Tag Archive | Marine M48 tank

After 100 Years, Marines Could Lose Their Tanks

M1A2 Abrams Tank 1st Marine Division TIGERCOMP Marine Corps Base Camp Pendleton Aug 2019. 1st Marine Division photo by Sgt. Tayler P. Schwamb

The Wall Street Journal has a report that the Marines are set to drastically reboot in the next decade. In short, they will get leaner and lighter, shedding about 15,000 Marines, ditching lots of old-school 155mm tube artillery in favor of mobile truck-mounted anti-ship missile batteries. The 8th Marines would be disbanded along with some helicopter squadrons while the number of UAV squadrons will be doubled.

The focus of the new 2030 USMC would be an updated Wake Island 1941 program-– landing on and defending small Pacific islands to deny the use of an area to a Chinese naval force.

Oh yeah, and the Marines will also lose all of their beautiful and hard-serving Abrams main battle tanks.

A century of support to the Devils

The Marines got into the tank game in the 1920s and has employed armor in every major combat action ever since– with the exception of Wake Island.

In 1923, the Marines established Light Tank Platoon, East Coast Expeditionary Force at Quantico with a handful of Great War surplus U.S. Army (a trend that would continue) M1917 Renault light tanks, two-man 6-ton vehicles armed with a light machine gun.

Marine M1917 Renault Light Tanks, “Tanks Going into Action, Antietam, 1924”

In 1927, this platoon was assigned to the 3d Marine Brigade in China, where it would operate for a year before it returned to the States and was disbanded in 1930.

Then came two armored platoons stood up in the mid-1930s equipped with the light (5-ton) Marmon-Harrington tankettes, of which a whopping 10 were acquired.

Marine Marmon-Herrington tankette landing from lighter, 1930s

On 1 August 1940, the USMC established the 3d Tank Company with M2A4 light tanks. This unit the next year became Alpha Company, 1st Tank Battalion and by early 1942 were rushed to defend American Samoa. By August, they were landing at Guadalcanal.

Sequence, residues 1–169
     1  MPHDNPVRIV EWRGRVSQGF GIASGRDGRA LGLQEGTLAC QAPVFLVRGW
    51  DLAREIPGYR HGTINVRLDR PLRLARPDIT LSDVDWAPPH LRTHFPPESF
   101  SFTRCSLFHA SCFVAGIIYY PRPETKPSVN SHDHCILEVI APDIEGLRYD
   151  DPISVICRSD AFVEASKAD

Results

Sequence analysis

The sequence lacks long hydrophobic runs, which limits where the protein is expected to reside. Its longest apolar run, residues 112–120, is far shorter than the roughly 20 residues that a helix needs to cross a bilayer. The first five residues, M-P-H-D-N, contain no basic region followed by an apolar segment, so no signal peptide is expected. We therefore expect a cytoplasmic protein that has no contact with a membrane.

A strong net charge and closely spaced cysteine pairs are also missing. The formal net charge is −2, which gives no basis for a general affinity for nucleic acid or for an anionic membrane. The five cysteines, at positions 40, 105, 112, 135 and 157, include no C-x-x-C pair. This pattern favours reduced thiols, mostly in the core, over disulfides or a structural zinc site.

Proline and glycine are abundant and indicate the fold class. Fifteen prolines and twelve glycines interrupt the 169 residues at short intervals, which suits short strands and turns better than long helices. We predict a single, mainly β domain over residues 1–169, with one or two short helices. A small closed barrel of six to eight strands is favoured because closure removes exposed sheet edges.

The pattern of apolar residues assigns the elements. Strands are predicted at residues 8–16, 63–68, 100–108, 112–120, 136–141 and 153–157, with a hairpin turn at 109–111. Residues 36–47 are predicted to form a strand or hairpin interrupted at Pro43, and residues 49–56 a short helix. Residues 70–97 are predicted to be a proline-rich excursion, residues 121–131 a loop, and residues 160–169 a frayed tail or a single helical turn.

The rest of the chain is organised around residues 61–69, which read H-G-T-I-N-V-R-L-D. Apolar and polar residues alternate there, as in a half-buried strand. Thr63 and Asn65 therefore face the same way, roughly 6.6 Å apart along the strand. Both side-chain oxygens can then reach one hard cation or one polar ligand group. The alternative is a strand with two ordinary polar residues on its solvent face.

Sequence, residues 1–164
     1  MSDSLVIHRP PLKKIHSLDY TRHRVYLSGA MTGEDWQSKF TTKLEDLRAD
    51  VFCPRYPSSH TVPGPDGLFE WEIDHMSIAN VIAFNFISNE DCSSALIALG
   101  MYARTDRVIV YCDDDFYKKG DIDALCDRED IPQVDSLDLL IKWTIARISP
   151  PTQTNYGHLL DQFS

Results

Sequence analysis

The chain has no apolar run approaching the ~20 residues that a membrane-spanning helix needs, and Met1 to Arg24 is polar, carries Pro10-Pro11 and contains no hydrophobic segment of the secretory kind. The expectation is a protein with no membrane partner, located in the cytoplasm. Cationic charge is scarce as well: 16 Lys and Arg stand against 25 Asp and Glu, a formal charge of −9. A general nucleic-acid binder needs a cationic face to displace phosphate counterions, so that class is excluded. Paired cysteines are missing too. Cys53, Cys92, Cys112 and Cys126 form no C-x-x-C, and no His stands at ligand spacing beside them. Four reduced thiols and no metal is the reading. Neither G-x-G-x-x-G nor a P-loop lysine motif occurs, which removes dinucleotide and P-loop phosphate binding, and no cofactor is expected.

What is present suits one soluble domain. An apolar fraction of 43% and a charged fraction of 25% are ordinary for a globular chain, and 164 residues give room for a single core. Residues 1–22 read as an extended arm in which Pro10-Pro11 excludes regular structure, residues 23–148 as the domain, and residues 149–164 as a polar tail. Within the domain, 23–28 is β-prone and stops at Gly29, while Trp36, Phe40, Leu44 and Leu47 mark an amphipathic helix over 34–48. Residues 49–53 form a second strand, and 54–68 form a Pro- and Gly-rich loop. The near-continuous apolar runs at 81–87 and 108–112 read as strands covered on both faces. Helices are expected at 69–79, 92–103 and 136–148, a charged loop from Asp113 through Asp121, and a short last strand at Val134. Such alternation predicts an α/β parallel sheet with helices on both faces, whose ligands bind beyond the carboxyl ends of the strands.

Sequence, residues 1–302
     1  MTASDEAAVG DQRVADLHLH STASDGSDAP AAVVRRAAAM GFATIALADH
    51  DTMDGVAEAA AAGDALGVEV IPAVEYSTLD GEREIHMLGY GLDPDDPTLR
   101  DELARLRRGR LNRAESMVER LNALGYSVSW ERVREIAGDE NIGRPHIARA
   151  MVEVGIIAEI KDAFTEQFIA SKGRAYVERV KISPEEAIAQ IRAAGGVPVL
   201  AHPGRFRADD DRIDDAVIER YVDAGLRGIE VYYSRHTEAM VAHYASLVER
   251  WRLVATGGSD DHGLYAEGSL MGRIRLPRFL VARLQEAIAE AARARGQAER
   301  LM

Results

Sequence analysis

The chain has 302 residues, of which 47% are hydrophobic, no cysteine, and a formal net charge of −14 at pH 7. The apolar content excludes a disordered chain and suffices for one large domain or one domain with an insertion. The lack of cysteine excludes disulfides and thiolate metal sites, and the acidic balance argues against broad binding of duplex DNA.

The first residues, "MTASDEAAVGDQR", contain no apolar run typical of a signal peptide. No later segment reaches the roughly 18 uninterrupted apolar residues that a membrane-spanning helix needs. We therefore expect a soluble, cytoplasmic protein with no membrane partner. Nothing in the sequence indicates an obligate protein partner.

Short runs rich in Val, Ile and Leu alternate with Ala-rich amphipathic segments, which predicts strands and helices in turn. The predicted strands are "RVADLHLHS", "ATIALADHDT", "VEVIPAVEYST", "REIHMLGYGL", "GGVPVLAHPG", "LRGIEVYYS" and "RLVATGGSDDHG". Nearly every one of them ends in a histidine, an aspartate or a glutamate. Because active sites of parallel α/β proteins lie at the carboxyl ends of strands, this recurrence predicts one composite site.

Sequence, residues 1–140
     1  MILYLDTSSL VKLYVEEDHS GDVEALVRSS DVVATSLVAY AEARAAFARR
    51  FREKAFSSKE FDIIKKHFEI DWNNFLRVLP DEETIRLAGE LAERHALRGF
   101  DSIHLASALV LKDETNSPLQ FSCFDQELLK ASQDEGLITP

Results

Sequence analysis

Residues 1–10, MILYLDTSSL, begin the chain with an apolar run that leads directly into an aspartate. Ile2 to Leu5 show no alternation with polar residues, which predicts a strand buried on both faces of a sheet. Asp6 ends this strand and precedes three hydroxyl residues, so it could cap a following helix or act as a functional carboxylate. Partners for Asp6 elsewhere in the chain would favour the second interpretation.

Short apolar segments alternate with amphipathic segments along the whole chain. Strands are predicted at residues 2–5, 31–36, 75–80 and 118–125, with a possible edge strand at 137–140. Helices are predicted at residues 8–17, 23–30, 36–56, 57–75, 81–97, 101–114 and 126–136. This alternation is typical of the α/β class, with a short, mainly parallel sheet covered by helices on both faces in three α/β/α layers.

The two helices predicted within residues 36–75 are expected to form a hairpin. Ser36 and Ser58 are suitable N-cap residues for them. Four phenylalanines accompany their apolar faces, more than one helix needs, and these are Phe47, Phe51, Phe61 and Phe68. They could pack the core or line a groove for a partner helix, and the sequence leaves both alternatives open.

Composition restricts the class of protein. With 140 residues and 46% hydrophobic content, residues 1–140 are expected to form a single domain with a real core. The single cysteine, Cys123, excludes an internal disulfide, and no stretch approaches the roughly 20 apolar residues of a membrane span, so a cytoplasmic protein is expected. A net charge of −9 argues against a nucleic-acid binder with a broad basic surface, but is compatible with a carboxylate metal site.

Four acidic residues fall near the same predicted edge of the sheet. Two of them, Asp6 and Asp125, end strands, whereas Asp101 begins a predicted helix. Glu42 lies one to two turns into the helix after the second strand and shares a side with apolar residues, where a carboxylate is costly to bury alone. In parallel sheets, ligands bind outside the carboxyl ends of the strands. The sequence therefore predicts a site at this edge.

A Marine M2A4 light tank on Guadalcanal, 1942 “MOP UP UNIT– Two alert U.S. Marines stand beside their small tank which helped blast the Japanese in the battle of the Tenaru River during the early stages of fighting on Guadalcanal in the Solomon Islands. Those well-manned, sturdy machines readily mopped up strong points of enemy resistance.”

Upgrading to M4 Shermans in time for 1943’s Cape Gloucester, New Britain operation, the Marines would continue to use the hardy medium tank in a force that would grow to six battalions.

1944 M4A2 Sherman tank Company A, 1st Tank Marine Battalion passing a Japanese blockhouse at Peleliu

By Korea, the Marines were able to put their Shermans to pasture and begin using the 90mm-equipped M26 Pershing and the M46 tank.

“Marine tanks parked in the southwest part of the perimeter of Koto-ri. The high ground was within the perimeter. 1950”

Lessons learned in Korea brought about the medium-and-heavy combo that was the M48A1 and the M103, which were used in Lebanon in 1958, the Cuban Missile Crisis (where Marine tankers were ashore at GTMO) and the 1965 landing in the Dominican Republic.

Then came Vietnam, where the Marines continued to utilize the upgraded M48A3 although the Army was switching to the M60 Patton.

6 March 1967, a Marine M48A3 in Vietnam. Note the Playboy Bunny. “Tankers Construct Road: A blade-wielding tank of the 1st Tank Battalion carves a road for Leathernecks of the 2d Battalion, 26th Marines [2/26] during an operation south of Da Nang (official USMC photo by Private First Class Warren E. Wilson).”

The Marines would only upgrade to the M60A1 in 1975, once Vietnam was in the rearview, a tank they would keep– with much modification– through the First Gulf War. Importantly, it was the M60s of the Marines that were the first serious armor on the ground in Saudi Arabia in Desert Storm.

Since 2001, Abrams-equipped Marine tank platoons have been very busy, deploying multiple times to the Middle East. This included company-size deployments to Afghanistan and Iraq as well as carving platoons off to float around with MEUs in the Fleet.

Bravo Company, 1st Battalion, 2d Marines, 3d Platoon during the Battle of Nasiriyah in 2003– note the M1 tank support

The Corps currently fields 403 M1A1/A2 variants, less than one-tenth of the amount the Army/National Guard has on hand. Of course, as the Marines just have three tank battalions, one of which is a reserve unit, there are only about 180 of these tanks in unit service, with the rest of the hulls forward-deployed in places like Norway and in other forms of long-term storage.

If all goes according to plan, by 2030 the Marines will have zero Abrams.

Planned upgrades, scheduled to take place through 2024, naturally will be a footnote.

And the beat goes on…

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